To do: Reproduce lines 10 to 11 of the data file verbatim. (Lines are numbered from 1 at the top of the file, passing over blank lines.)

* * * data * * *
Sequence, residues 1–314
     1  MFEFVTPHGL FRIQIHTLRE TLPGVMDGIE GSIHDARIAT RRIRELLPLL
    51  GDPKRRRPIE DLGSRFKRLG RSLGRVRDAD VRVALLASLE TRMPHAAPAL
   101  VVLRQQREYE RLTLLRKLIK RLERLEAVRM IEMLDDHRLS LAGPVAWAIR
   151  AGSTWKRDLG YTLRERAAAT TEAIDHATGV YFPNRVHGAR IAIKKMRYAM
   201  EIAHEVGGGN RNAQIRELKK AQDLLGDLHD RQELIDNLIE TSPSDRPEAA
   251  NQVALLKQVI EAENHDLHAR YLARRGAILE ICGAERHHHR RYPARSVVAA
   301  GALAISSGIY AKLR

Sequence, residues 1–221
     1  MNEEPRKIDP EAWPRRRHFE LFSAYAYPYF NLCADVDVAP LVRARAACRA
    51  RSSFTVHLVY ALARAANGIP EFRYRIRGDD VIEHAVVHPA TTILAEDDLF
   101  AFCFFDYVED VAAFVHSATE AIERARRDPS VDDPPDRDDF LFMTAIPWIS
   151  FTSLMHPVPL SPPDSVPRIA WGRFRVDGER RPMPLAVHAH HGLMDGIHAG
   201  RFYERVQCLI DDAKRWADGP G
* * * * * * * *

     1  MNEEPRKIDP EAWPRRRHFE LFSAYAYPYF NLCADVDVAP LVRARAACRA
    51  RSSFTVHLVY ALARAANGIP EFRYRIRGDD VIEHAVVHPA TTILAEDDLF